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Buckeyes Buckeye Archive For Tressel - Pressure?...What Pressure?
Written by Dan Wismar

Dan Wismar

altTo the extent that the weakened Big Ten has become the target of national media potshots, the Buckeyes and Jim Tressel have been the bullseye. So why is this man smiling?

As if it weren't enough to be taking a transitioning young team into an early season rematch with USC in the midst of an 0-4 streak against Top Five teams, Tressel now also seems to be shouldering the burden of the sagging fortunes of the whole Big Ten Conference. Any given off-season article on the Big Ten's fading reputation is likely to have a shot of the guy in the sweater-vest front and center.

By habitually winning the Big Ten and then losing in January with millions more people watching, Jim Tressel has become the media's poster boy for the Big Ten's problems. Who better? might legitimately be asking. Well, for starters, how about some of the coaches who haven't won the conference four consecutive times?

A survey of (less than 100) college players by ESPN the Mag voted OSU the nation's most overrated program.....(which raises the question of how a program so universally ragged on nationally can be called overrated, but I digress.)  Granted, the two big high-profile losses to national champion teams in the '06 and '07 seasons, plus the pasting last fall by USC, did collectively prove that OSU was a step below the two or three elite teams in the country in those particular years, even as they racked up four straight championships in their own declining conference.

That conference's 1-6 record in bowl games last year hints that the decline continues, and as the flag bearer of the league's dominant program of the decade, Tressel might be excused for feeling like he's carrying around a boulder on his back, especially as the second USC game looms. But if his attitude and demeanor this spring and fall are any indication, it doesn't seem to be bothering him. If anything, the coach seems more relaxed than ever.

I've always thought it a bit rich that writers and other media figures rip a team for not being as good as the writers and media figures said they would be before the season. Hey wasn't Tressel who rated OSU the No. 3 team in the country before last was you. (OK, full was me too, but that's beside the point.)

Believe me, I feel and understand the effect of the Florida and LSU games on the program and its reputation. But it's still kind of bizarre to see the image of Jim Tressel projected nationally as a symbol of failure and a loser. It's a notion so bizarre that it's ridiculous...and shall be subjected to ridicule forthwith...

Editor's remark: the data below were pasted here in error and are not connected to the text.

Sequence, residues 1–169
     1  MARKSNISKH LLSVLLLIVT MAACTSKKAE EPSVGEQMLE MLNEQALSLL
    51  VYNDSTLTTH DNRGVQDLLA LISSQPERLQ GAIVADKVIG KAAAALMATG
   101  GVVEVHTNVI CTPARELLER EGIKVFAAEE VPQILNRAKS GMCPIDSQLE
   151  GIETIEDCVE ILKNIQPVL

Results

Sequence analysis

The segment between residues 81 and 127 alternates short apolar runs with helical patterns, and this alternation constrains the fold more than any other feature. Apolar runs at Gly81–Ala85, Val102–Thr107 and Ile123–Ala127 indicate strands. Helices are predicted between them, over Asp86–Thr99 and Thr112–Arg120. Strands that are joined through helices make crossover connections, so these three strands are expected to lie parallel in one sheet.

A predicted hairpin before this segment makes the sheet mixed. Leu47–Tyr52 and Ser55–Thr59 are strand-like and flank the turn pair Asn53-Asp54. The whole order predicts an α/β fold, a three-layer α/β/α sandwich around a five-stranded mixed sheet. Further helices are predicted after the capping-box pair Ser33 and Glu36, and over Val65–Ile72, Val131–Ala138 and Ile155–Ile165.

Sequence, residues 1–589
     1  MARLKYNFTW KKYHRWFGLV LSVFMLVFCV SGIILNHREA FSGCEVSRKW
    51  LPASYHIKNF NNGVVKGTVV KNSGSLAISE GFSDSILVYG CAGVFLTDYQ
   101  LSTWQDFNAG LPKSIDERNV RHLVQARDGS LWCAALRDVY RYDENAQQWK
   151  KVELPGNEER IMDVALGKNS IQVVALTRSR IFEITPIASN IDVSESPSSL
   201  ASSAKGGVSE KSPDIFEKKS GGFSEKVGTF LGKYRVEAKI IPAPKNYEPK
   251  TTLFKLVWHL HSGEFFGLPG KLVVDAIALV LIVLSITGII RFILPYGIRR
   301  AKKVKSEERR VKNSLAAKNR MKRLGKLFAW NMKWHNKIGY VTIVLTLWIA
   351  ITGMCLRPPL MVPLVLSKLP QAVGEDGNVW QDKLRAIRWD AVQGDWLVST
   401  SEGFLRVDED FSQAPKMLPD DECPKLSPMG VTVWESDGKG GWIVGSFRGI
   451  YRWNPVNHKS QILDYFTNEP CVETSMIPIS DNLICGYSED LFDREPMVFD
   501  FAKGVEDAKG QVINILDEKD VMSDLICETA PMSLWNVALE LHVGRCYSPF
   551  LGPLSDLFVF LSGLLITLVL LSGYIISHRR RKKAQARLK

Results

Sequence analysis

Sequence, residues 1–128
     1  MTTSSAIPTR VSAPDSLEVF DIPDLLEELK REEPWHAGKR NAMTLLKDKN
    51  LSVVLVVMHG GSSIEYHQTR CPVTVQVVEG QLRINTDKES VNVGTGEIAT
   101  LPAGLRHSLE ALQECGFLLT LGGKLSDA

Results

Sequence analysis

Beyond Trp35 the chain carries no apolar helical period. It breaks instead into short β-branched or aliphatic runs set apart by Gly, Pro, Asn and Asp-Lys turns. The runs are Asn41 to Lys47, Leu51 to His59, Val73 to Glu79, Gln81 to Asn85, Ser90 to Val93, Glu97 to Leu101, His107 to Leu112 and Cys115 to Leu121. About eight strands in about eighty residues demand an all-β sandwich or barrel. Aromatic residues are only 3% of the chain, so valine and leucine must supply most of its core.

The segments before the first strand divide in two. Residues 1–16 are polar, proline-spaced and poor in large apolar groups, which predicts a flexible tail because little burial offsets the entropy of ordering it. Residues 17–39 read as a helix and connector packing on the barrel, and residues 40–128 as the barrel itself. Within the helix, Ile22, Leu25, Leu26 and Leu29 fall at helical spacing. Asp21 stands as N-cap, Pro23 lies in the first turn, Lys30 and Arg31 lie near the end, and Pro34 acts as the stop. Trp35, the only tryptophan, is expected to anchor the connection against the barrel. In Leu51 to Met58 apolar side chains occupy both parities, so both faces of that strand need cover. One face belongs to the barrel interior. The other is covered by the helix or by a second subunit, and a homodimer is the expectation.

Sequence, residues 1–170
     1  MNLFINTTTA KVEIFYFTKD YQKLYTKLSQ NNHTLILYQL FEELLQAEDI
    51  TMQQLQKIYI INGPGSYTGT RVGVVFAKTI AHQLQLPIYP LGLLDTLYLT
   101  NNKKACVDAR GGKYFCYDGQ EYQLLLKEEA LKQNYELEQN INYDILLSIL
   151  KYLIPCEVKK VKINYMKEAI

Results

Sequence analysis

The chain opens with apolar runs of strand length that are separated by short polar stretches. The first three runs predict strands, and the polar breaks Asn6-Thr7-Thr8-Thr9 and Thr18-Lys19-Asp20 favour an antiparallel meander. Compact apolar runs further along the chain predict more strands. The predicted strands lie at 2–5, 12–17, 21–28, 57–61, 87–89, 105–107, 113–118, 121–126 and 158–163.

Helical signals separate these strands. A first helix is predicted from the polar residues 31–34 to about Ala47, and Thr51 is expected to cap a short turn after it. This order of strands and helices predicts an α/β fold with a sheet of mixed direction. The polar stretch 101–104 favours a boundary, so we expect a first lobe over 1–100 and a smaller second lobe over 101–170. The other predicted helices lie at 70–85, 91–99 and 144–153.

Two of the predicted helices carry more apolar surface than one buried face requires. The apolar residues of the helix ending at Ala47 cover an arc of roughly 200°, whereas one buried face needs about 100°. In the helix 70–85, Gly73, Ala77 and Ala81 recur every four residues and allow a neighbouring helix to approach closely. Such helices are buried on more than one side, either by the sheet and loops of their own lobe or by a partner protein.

Without generating a whole lot of numbers on the Tressel record, it should suffice to cite his eight-year record of 83-19 at OSU..(for the math-challenged, that's roughly a 10-2 average season), his five postseason Top 5 national rankings in eight years, three BCS Championship games in a seven year span, a 3-3 record in six BCS games, five Big Ten championships, and one national championship just six and a half short years ago. Oh, and a 7-1 record against his arch-rival.

One time (2004) since his first season at OSU in 2001 has Jim Tressel lost more than two regular season games. He was the first major college coach in over 100 years to go 14-0. And since 1999 (Tressel Era +1 year) Ohio State has had more players drafted by NFL teams than any other school, and trails only U. of Miami in 1st round picks.

As Jesse Lamovsky points out in his fine recent 
TCF piece on John Cooper, Tressel won the championship in 2002 with lots of players recruited by Coop, but since that time, Tressel has refined his own recruiting machine, and in addition to elevating the talent level in Columbus significantly, he has arguably raised the caliber of young man brought in to play football at Ohio State at the same time. That is, of course the only really subjective judgment in this brief accounting of Tressel's accomplishments, but it is one that is shared by many other observers of the program.